Thank you so much for your comments! I too get an itchy, blistery rash on my face from gluten rich foods, and I didn’t know why I was having a problem with my face again when I’ve been so good avoiding gluten. But I recently starting taking kelp tablets as a supplement! Thanks to you, I know it has got to be the kelp. Thank you so much.

      • high iodine can increase your TPO enzyme (that creates T4). and that can encourage and immune response if you have hashimotos.

    • I am intolerant to gluten, soy, corn, msg, and oats. Im allergic to tomatoes and dairy. Watermelon, bananas, and citrus cause migraines as well. Yea lyme disease, babesia, and lupus are the culprits for me! I know they caused gut damage and lowered immune system. im working on getting better and building my immune system.

  19. I’m sure I’m gluten intolerant. Whenever I eat wheat, my nose closes up, I develop mucus, and my knees (I have arthritis in both) start to swell and ache. Sometimes that happens when I eat regular foods, but mostly with grains.

    • For years I suffered with chronic sinisitus, or so said the doctors. I had numerous alergy tests which showed nothing. I tried every sinus medicine and every nasal spray know to man. My ENT could not find anything wrong and suggested I might need surgery. I was desperate, I could not sleep, I could not breath and the acid indigestion was intolerable. My friend suggested I may be wheat intolerant and suggested trying just protein and vegetables for a while. I did so and within two weeks of eliminating anything with gluten in it, my symptoms had disappeared. It has been two months and accidentally ate something with gluten in it and sure enough withing in hours could not breath again. I would suggest try going gluten free. The problem is you have to research gluten because it is in almost everything, including chocolates and soups. Good luck.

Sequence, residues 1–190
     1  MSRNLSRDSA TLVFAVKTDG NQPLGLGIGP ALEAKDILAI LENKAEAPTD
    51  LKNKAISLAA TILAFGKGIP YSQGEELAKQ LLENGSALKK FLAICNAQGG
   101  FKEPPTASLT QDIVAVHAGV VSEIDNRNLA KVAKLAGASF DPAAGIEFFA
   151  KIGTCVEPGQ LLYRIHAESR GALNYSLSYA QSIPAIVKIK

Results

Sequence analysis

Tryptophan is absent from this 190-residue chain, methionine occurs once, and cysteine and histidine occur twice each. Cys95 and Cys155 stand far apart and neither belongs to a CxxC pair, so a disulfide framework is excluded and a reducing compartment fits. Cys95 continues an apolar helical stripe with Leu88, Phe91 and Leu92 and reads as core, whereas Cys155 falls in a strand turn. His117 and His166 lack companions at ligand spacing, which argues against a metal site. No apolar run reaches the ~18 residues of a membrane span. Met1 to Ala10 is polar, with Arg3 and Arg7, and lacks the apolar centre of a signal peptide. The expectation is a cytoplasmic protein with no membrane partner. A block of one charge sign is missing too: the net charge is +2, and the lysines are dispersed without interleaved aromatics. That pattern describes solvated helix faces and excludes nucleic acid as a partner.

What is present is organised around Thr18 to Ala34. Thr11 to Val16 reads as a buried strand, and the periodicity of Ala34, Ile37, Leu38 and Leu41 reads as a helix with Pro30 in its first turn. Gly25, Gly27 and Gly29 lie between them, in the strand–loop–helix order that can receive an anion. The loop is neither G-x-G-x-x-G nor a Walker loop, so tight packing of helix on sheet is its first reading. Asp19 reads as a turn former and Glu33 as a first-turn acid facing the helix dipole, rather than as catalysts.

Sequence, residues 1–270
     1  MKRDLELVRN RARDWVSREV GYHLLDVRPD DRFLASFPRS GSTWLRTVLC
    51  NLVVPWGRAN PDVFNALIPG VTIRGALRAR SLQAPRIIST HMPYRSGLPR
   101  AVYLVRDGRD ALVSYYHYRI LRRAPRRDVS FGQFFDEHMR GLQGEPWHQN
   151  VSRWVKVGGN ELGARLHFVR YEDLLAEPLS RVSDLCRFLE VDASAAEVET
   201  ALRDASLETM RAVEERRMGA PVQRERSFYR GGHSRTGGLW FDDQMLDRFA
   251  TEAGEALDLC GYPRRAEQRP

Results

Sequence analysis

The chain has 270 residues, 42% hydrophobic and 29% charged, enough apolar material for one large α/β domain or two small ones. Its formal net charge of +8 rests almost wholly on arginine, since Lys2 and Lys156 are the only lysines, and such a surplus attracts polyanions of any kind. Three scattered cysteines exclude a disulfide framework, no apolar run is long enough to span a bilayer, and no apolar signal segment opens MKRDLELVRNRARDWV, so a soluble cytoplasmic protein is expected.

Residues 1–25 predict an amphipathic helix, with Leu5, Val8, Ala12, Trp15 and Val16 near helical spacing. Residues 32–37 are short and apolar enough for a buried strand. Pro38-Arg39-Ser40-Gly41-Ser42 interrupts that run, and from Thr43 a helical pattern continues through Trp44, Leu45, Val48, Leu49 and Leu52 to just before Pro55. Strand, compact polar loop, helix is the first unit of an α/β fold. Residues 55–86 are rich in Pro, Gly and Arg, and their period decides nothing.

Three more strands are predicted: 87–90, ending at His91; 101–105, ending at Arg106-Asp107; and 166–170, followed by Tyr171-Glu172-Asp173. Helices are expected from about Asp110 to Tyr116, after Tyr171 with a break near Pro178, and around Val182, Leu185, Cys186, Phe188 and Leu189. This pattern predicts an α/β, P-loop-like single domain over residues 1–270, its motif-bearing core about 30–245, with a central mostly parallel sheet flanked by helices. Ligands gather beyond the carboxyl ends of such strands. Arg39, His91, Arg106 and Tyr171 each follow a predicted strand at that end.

• Hi Terry, You are describing my husbands symptoms exactly! He has had chronic mucus build up in his nose since he was a kid. He has to blow his nose every 10mns or so, non stop all day. He also had chronic acidity and indigestion. Doctors said exactly the same thing, he tried every nose spray under the sun, doctors said he had overactive mucus glands and maybe an operation would solve it. Finally, I put him on an elimination diet and within a week of stopping gluten, his symptoms disappeared 100%. He had lived with this for 30+ years and no one ever thought gluten could be the problem!

        • I feel like I am reading about myself. Dealing with some anger about how sucky this whole thing is. Had some french fries from a fast food restaraunt and forgot about cross contamination in the fryer. Man!!!! LOL, Living and lots of learning to do. All my best everyone!

    • You probably have a gluten allergy. Intolerance is a digestive issue, where as allergies create swelling, rashes, etc. (ex. symptoms of a peanut or bee allergy vs. lactose intolerance)